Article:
Jack Weatherford, the author of this revisionist history recreates a credible story of Genghis Kahn’s life based on China’s translation of “The Secret History…” Weatherford, educated as an anthropologist, visits the homeland of Genghis’s birth and spends time discussing the history of Genghis with Mongol’ descendants.
I knew who Genghis Khan was. At least I thought I did. I was wrong however.
Mr. Weatherford's historical book is a fantastic work on Genghis Khan and his lasting legacy.
I had assumed that this book would be an autobiography of the Great Khan and it is, but only for the first third of the book or so. In fact, Genghis plays only a minor role in the overall scope and breadth of this novel.
Rather, two-thirds focus on Genghis Khan's decedents and their impact on the world around them. His decedents may not have been as an amazing ruler as he, they still managed to apply most of his principles and in doing so changed the world.
I had no idea that Genghis Khan implemented so many progressive measures within his growing empire. My knowledge, and ignorance, of him was limited to what I had learned from popular culture. That he was a leader of a barbarian horde that managed to concur much of the Eastern European and Asia.
I knew nothing of his ideals in regards to government and that he believed in the separation of church and state, along with the introduction of paper money.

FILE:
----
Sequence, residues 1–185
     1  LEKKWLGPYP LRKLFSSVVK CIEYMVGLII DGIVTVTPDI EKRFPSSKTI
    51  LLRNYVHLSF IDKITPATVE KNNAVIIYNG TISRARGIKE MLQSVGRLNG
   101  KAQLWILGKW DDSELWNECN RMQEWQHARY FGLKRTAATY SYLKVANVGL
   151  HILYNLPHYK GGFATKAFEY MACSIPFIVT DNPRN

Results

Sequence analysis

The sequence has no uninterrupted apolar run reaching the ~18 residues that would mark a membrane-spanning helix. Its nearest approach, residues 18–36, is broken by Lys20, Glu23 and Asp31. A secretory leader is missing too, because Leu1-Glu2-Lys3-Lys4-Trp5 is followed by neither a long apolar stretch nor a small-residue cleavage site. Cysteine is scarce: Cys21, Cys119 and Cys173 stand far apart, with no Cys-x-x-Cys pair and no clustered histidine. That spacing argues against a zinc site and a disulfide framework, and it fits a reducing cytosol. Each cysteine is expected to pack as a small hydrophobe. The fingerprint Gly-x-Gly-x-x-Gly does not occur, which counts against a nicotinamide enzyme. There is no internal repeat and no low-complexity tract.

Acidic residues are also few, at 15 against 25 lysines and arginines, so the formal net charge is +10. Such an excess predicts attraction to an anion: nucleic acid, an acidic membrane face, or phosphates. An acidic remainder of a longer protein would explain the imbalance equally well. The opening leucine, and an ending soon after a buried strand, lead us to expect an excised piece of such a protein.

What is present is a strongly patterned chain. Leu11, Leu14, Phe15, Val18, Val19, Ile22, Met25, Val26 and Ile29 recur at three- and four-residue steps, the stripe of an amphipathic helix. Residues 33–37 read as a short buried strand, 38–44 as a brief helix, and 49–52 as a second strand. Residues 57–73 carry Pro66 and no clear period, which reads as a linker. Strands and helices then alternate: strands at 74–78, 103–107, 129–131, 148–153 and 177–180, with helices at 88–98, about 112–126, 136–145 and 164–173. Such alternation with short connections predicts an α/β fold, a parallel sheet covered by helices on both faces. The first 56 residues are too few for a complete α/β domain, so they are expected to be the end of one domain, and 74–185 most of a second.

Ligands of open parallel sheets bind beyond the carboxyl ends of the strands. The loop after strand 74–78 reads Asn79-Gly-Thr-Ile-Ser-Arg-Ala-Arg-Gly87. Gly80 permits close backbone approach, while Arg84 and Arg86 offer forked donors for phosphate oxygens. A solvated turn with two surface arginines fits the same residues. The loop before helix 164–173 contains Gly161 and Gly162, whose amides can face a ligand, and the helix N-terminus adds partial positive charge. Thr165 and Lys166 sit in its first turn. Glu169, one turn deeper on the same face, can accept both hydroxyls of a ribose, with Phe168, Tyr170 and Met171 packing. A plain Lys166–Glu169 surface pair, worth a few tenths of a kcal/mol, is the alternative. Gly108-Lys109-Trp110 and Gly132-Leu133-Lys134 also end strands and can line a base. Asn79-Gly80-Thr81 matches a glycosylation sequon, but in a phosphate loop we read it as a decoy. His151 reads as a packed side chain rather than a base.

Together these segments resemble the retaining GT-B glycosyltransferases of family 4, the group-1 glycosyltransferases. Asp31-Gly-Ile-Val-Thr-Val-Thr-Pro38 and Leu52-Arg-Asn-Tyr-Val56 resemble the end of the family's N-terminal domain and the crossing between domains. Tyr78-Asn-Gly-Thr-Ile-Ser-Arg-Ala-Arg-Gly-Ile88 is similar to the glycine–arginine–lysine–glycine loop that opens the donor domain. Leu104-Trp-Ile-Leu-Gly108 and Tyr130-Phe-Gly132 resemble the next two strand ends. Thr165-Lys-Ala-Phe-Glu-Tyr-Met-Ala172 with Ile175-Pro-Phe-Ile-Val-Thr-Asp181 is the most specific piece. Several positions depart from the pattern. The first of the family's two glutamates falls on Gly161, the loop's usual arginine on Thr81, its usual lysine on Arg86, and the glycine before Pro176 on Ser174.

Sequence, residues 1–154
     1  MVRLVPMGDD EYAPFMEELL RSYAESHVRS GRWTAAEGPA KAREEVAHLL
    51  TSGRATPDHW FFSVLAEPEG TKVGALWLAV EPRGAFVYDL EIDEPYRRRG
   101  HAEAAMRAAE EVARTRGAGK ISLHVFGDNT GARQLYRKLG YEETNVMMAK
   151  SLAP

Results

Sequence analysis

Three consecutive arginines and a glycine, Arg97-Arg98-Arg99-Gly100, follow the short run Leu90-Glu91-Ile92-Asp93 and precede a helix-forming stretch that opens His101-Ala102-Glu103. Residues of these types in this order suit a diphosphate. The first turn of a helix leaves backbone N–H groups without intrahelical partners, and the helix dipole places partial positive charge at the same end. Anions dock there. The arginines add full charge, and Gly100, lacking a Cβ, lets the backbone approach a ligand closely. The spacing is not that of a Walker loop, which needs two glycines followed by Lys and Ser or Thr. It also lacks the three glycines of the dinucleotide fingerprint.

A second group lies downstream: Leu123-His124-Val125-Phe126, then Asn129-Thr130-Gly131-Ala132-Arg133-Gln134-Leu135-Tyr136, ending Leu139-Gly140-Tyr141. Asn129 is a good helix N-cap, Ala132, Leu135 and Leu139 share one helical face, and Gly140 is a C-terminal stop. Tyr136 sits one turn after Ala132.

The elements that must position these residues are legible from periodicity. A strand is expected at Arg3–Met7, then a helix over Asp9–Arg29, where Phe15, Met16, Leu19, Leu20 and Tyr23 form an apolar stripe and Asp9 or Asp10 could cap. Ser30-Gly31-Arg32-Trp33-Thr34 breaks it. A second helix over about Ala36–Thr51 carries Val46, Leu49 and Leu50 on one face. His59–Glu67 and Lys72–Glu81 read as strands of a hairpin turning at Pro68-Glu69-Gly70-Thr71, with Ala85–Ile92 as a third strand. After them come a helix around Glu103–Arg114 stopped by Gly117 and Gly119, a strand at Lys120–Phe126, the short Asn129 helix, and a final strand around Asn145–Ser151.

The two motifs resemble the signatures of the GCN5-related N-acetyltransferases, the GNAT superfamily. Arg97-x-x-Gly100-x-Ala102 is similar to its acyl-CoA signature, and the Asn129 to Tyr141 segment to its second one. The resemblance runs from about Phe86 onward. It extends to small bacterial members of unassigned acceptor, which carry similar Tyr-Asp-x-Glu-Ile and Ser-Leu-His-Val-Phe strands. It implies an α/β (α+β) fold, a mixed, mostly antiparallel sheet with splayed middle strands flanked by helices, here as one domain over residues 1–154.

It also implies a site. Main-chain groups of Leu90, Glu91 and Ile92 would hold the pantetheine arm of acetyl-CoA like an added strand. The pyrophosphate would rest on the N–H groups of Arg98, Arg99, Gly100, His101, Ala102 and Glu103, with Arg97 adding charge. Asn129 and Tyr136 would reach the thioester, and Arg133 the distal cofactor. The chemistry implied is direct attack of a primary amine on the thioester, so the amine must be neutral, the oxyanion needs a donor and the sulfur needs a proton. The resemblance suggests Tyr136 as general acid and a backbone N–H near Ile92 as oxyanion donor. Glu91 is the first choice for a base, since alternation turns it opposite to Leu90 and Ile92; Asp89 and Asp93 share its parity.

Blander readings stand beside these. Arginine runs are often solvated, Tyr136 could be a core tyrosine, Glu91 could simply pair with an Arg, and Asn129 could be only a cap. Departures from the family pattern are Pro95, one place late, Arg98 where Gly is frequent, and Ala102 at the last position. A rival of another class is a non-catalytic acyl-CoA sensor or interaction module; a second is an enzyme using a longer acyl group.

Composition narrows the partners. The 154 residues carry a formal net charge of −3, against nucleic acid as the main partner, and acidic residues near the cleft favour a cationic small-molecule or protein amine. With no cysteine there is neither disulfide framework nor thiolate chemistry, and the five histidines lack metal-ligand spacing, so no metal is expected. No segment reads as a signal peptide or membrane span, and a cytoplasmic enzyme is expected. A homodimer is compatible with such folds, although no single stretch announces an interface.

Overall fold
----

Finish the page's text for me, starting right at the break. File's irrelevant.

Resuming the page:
Mr. Weatherford writes in an engaging way that doesn't become bogged down with the fog of historical facts, but nor does he write in a way that removes all intellectual truths from history.
The narrator, Mr. Davis, does a wonderful job and manages to nail even the most troublesome of pronunciations.
I highly recommend this to lover's of history or to anyone who has a passing interest in this, one of the greatest of men.
Absolutely. The narrator makes it really easy to follow and get hooked.
The Last Speakers by David Harrison, in the sense that it is great non-fiction that is easily approachable for anyone, while remaining highly informative.
No characters, but Mr Davis was great in conveying a sense of interest in the story.
No, but I was really hooked.
If I were to tell you about a leader that was responsible for abolishing torture, granting universal religious freedom, establishing international postal systems, creating the first internationally accepted form of paper currency, creating an alphabet so that people of diverse regions and languages could speak to each other, creating a judicial system with an established court of appeals and so many other innovative progressive systems in a world that was accustomed to centuries of intertribal conflicts, would you guess that I was talking about Genghis Khan. Genghis Khan was responsible for all of that and he was a brilliant military leader whose tactics have been used in modern warfare. I would never have believed this story but the research and references that the author used makes this story indisputable. Read it, you will be amazed and saddened that the world has painted this wonderful leader as a monster.